Most of the business owners I speak with tell me they know what their customers need and want.  They know they are meeting and exceeding their customers’ expectations. How do they know this specifically? Most have good feedback from their client-facing team members, from the customers themselves and from feedback solicited via online surveys, questionnaires and follow-up phone calls.  I usually also hear that “Of course the client is happy, they’re continuing to use and pay us!  If they were unhappy, they’d let us know, right?” 

Wrong. 

Only those unhappy customers that are willing to take the time to complain are likely to give you another chance. Those are the great Moments of Truth where you learn what the problem is and run the extra mile to correct it.  It is possible to make those customers raving fans if your improved level of service remains high.  They’re invested in you! 

However, some customers won’t take their time or be bothered to complain.  They will eventually leave, and you may not know why until they’ve already replaced you. Since none of us are running a monopoly (try complaining to the cable company in a small town!), it’s a good idea to make sure you have a sense of what your customers are thinking about you.  The bonus is that you can gather information about what they’d like to see in the future. How? 

One way is to hold a focus group.  Here’s an overview of how to do this: 

1.) Select a group of 5-7 customers that use similar product lines that are not direct competitors of each other.  (For example, if you have full-service customers, you will put them together.)

2.) Decide what you want to ask them about. For example: 

    • how well are you delivering existing services (what they really think, and this is not the time for you to argue about whether their perception is correct or not) 
    • what are your strengths and weaknesses from their perspective (this is a good way to see how strong your messaging is too)? 
    • what could you be doing better? (the goal is to exceed expectations!) 
    • What are you doing that they don’t care about? (isn’t that silly?  We all do it too!) 
    • What do they wish you would start offering as a service? (in my prior life we learned that our clients wanted us to take over the administration of a similar type of program that we offered that a provider had abandoned.  We were interested since we had core competencies that fit that need.  Ended up being a very profitable service and provided entrée for other cross-selling!)  

In addition, I’ve had customers tell me what we should be doing based on solicitations they get from other companies, how we fit from a price perspective and whether that’s reasonable, how they think we should get new customers and/or employees!  

3.) Select a skilled third-party facilitator to run the focus group.  This is the best way to get honest feedback.  I know you think your customers will feel free to be open when you are in the room, but believe me, they won’t.  Much better results will be collected by a person who is not from your company. I’ve used business school professors, friends from different consulting companies who were not in the landscaping industry and focus group firms (who will also help you design the experience if you feel the need.) With an expert leading the group I’ve had customers enthusiastically brainstorm for the future success of my company! We’ve even had to break up groups so we could send them back to their offices (we had cars with drivers waiting so they could work or relax while getting to our event).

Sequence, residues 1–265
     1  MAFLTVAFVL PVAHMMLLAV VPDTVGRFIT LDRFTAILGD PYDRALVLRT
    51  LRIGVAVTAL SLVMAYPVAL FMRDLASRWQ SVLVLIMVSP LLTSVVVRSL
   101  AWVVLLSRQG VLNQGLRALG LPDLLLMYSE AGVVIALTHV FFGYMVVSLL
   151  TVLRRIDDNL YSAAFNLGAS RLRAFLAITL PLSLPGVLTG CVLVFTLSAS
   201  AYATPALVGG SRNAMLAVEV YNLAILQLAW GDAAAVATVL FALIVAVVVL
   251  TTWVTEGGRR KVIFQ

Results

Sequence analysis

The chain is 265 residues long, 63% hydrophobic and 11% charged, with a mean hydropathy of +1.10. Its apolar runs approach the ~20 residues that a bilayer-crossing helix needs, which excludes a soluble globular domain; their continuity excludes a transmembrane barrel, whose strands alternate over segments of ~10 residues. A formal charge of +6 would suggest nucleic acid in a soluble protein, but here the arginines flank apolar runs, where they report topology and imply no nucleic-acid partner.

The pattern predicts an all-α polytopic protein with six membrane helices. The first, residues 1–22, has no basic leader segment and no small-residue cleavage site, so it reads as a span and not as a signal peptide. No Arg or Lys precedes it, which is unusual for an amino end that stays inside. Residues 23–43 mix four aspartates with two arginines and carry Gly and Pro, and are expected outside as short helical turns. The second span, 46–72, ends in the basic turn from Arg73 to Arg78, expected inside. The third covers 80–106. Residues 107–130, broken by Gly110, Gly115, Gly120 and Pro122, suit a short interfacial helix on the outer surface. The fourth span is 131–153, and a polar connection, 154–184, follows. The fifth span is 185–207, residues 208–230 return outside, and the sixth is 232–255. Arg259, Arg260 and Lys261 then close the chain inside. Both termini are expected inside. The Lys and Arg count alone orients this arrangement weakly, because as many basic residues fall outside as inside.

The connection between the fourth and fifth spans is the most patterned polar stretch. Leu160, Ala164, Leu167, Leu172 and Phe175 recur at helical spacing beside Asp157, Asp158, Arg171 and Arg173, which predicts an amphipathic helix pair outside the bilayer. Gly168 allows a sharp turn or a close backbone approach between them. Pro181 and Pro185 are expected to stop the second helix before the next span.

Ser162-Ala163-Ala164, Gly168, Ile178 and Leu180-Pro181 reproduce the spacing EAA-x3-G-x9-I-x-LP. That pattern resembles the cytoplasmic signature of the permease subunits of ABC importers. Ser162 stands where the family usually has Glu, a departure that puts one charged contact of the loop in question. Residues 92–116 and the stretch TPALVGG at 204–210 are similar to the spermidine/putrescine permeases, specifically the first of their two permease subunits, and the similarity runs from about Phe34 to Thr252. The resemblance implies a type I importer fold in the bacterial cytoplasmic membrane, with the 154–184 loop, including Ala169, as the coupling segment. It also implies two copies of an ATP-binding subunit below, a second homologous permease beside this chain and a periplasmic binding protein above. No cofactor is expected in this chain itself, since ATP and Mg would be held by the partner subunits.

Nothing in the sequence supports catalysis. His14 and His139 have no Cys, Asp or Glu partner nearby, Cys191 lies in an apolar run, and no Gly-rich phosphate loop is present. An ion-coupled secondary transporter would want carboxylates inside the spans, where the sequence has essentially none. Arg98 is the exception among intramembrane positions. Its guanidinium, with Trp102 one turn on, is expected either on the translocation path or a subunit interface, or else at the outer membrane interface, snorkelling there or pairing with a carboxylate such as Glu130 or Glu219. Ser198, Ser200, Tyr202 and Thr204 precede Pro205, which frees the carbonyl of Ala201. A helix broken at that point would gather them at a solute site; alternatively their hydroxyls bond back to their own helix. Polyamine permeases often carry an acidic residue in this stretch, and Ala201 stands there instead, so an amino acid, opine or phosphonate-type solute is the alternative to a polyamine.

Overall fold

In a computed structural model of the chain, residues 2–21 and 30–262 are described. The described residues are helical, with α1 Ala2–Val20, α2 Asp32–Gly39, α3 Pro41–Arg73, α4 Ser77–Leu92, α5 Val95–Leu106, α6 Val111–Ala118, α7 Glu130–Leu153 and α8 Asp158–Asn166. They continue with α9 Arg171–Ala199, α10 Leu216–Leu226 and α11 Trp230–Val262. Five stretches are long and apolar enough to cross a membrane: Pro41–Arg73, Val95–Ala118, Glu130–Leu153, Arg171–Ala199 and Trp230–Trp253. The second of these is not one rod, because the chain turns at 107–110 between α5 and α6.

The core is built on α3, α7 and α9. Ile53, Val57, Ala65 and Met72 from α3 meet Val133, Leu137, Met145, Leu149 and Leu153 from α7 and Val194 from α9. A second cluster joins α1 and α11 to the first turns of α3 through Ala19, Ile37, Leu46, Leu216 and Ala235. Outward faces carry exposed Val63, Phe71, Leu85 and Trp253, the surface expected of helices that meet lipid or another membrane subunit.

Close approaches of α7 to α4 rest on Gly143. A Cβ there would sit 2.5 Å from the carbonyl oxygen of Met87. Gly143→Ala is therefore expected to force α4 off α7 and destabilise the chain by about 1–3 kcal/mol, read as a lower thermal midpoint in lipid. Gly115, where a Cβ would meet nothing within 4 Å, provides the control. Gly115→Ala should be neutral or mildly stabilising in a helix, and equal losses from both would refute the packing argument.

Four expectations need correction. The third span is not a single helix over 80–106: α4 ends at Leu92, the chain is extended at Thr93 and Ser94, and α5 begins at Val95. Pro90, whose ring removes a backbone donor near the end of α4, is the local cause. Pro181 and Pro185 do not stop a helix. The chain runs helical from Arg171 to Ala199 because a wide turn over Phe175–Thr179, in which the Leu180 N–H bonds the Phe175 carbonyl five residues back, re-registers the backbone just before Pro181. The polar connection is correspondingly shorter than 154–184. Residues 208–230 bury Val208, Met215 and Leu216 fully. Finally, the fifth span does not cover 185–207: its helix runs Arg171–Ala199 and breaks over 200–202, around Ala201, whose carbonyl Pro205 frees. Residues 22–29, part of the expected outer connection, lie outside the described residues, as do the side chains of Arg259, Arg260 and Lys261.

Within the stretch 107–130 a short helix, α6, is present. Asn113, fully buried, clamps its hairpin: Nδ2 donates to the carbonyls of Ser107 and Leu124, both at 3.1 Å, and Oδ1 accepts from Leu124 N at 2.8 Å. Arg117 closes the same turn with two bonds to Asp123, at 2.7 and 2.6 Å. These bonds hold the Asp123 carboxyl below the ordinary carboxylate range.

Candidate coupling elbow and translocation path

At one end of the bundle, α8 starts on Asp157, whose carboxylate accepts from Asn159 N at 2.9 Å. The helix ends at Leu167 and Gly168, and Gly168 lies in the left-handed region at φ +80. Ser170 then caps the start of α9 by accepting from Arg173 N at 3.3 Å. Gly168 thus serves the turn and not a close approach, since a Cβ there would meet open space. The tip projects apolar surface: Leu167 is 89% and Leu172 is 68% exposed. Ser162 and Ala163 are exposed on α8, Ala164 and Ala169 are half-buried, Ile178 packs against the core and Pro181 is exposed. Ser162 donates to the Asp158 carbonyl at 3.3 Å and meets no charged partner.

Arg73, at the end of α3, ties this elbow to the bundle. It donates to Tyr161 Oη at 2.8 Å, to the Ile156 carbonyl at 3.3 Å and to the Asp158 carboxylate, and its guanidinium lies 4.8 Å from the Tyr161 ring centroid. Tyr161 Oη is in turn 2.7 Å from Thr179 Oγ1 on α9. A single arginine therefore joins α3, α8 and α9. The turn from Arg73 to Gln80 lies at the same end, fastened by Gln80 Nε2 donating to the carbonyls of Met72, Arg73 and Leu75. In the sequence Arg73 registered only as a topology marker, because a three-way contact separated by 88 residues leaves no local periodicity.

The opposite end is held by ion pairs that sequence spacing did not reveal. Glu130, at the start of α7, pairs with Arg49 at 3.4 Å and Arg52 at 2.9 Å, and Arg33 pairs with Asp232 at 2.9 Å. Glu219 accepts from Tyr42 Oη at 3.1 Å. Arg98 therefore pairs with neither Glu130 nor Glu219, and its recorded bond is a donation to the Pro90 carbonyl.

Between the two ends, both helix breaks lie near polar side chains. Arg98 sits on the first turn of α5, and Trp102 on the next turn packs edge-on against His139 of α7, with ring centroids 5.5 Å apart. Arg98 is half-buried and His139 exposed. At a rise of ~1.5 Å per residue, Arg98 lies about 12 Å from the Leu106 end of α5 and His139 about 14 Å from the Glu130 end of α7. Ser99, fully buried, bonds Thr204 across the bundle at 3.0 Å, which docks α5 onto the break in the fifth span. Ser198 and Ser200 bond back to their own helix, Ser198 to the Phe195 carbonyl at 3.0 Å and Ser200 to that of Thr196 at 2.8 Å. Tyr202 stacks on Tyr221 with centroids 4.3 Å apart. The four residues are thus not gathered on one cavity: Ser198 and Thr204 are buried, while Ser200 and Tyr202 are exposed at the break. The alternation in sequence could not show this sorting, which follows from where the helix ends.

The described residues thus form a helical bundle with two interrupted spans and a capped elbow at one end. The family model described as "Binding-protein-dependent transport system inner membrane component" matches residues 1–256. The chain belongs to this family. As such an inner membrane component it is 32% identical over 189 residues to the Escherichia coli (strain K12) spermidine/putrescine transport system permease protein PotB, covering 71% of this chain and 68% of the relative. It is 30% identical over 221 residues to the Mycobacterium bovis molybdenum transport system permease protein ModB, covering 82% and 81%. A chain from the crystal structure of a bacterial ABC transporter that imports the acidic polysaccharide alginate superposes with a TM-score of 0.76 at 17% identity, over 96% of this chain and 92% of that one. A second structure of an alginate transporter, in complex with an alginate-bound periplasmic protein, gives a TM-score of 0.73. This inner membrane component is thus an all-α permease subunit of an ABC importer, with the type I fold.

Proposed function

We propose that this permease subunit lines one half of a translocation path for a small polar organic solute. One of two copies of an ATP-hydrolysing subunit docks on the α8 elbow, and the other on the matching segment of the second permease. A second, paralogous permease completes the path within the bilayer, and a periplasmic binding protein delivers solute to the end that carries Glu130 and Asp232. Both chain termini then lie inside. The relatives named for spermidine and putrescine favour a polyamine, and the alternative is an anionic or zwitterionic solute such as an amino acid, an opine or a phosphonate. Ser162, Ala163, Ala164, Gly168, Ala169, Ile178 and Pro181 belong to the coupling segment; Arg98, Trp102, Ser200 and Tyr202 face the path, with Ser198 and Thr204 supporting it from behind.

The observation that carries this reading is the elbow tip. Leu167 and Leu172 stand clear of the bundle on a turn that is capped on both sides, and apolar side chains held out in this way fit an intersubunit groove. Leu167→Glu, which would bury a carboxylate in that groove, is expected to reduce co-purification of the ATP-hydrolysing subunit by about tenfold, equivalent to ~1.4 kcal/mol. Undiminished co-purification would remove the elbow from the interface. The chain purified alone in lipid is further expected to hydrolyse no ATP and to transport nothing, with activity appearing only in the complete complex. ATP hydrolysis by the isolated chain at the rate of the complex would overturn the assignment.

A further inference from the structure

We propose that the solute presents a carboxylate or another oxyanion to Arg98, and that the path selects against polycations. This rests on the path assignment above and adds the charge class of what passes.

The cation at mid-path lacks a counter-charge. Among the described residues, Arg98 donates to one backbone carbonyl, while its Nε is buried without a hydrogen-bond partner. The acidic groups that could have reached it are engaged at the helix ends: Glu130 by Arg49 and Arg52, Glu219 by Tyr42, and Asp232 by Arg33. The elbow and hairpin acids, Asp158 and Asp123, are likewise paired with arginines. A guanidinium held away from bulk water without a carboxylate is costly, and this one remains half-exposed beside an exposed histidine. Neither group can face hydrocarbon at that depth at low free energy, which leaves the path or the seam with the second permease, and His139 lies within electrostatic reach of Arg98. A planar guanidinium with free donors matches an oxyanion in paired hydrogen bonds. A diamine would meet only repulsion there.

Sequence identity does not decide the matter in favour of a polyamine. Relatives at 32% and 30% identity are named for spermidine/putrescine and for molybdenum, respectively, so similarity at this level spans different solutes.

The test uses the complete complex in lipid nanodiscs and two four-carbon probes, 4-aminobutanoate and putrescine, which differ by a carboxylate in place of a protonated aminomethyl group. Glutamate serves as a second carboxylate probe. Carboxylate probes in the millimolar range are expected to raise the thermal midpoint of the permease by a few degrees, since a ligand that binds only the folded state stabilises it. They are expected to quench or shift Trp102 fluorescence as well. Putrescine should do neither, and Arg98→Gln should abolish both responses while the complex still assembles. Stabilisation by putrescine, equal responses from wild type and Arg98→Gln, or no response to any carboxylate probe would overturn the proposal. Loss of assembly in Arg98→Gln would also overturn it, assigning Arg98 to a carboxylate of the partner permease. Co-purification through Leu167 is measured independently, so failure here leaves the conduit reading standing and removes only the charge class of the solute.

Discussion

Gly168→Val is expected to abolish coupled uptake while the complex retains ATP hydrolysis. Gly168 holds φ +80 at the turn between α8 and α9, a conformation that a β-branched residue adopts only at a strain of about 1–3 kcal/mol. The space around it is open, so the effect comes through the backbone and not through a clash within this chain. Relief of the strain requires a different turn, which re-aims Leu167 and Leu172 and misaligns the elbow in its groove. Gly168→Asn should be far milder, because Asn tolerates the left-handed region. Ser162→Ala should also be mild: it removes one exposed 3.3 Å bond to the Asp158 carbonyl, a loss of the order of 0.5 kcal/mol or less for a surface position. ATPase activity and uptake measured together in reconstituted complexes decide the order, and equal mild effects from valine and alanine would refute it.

4.) Plan the event carefully. We would offer an honorarium (a donation in their name, usually to one of their charities or kids’ teams—most recently $200 each) and a delicious lunch.  With our guests’ permission, we shared the list and a brief bio for each to the other and the facilitator.  After the event, we sent thank you notes and set up a reminder to thank participants and get any input they wanted to share at least annually.  

5.) Determine how you will act on the information you collect.  Who will decide what kinds of actions you might take?  Who will “own” the project? 

How do your customers think about your company?  Do you have “hidden opportunities” a focus group might reveal? Could you buy a company to add those services to your portfolio? Have you held focus groups?  I’d love to hear how that went for you.  If you’d like to discuss your situation, selling or buying a business or preparing your business for sale, please let us know. In the meantime, if you have questions or comments, I can be reached anytime via email: [email protected] or phone at: 224-688-8838. We’re here to help you harvest your potential.

Alison Hoffman

Alison Hoffman

has more than 25 years of experience in strategy, operations, mergers and acquisitions and delivering business-to-business client solutions. Her areas of expertise include managing operations for profitable growth, organizational design and strategy activation. She brings a wealth of experience through her work in evaluating, valuing and purchasing over 30 companies, leading company-wide cultural and business integration projects and consolidating best practices among business processes and corresponding computing systems. Read Full Bio